Previously, we introduced you to Emily Shirley as a Parent of the Week. This week, we’d like to tell you about her efforts as an advocate, and let you see for yourself why she’s such a Hero!
AutisMate: How did you decide to start your petition against TRICARE’s proposed changes regarding ABA therapy coverage for military families with autism?
Emily: I was visiting my parents in NC with my son, Jaxon [who has autism], and just happened to check my email. I am signed up to receive all official Department of Defense info via email so I was notified of the impending changes to the ABA therapy services starting July 25, 2013. I only got about halfway down the email before I gasped so loudly that my Dad thought I had received life threatening news about a family member or something of that nature. Well, to be honest, at that moment I felt as though I was receiving the worst case scenario for Jaxon. I immediately went to the Change.org site and typed out as much info as I could think of to persuade the few hundred people I hoped to reach. 7,000+ signatures later… :)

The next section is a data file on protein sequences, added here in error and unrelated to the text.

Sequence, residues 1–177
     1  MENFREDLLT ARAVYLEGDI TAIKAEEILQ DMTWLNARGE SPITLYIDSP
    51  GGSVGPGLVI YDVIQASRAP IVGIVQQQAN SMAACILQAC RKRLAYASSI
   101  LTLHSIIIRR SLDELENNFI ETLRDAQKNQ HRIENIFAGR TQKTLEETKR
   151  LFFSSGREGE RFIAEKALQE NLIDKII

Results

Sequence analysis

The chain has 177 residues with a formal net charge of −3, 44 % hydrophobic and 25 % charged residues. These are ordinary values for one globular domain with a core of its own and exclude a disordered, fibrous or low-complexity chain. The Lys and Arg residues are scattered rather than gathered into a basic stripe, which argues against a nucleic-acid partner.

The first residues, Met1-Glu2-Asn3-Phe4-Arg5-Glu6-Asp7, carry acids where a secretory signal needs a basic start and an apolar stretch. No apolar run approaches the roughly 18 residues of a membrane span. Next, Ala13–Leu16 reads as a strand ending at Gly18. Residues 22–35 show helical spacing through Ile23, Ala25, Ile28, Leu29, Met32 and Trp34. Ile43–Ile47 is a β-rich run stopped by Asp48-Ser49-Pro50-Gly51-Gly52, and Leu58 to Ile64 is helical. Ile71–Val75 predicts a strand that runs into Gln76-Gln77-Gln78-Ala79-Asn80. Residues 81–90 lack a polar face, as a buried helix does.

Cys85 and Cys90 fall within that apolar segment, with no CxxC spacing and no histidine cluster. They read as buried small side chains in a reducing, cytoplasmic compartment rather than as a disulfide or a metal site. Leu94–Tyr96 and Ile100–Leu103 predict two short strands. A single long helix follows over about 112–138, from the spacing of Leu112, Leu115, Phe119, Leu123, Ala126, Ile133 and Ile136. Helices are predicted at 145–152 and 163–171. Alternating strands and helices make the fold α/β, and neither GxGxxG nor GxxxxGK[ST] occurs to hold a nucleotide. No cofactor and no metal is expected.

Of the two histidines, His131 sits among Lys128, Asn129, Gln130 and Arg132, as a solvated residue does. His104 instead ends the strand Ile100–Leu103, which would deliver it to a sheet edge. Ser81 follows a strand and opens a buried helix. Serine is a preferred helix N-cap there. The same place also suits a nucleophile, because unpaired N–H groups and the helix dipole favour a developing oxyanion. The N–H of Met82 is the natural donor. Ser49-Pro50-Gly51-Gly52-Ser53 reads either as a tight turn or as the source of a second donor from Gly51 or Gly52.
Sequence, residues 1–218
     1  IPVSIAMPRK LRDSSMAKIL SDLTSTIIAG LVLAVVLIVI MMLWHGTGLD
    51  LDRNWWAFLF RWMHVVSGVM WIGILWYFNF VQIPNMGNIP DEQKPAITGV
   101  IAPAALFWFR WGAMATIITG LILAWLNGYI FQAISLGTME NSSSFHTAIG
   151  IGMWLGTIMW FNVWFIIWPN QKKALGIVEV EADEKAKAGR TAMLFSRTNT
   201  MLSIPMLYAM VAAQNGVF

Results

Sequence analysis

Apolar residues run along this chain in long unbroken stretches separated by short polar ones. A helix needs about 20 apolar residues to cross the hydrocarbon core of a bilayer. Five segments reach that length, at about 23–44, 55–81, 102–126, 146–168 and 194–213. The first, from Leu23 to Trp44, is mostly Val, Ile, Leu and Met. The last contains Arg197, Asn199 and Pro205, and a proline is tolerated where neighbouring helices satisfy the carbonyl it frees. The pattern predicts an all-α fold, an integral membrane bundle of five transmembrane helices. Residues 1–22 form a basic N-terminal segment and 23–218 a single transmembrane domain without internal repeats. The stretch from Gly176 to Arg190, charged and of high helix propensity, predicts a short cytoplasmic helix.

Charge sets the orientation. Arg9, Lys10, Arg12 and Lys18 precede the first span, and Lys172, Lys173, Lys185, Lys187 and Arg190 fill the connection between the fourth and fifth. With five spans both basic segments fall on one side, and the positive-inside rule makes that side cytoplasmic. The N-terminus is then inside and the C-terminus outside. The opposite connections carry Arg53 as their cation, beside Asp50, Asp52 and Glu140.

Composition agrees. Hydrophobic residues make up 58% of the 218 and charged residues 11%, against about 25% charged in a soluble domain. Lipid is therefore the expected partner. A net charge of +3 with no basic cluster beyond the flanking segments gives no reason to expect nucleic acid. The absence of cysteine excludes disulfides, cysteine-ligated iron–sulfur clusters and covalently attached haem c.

AutisMate: What has surprised you most about the autism/special needs community as a whole?
Emily: These moms and dads that I have had the pleasure to meet and get to know, if only through Facebook, are a fierce and loyal group. We don’t need to know details of one’s situation… we just need to know that you need support and we enter the scene like a herd of classy, intelligent elephants. When I started the petition, I knew that I would get several supporters from other parents but I was absolutely shocked to see how thankful, understanding, non-judgmental, and patient everyone was toward me. I received far more praise than I ever deserved.
AutisMate: Tell us more about the autism community within the military. How do the two influence each other?
Emily: As most already know, military families are a sub culture that almost always stick together: right, wrong, or indifferent. The Autism community within the military is even more fiercely loyal than in the civilian world… It’s just one of those unspoken rules that are abided by. With that being said, I do not have enough experience to accurately speak on how the two are intertwined. Our Dev Ped is off post as well as Jax’s speech and occupational therapy so we don’t have much experience with how things are run on post. I do know that our insurance, TRICARE, covers a huge amount of services for the dependents of active duty, so for that we are eternally grateful.
AutisMate: Who from the autism/special needs community has had the greatest influence on you?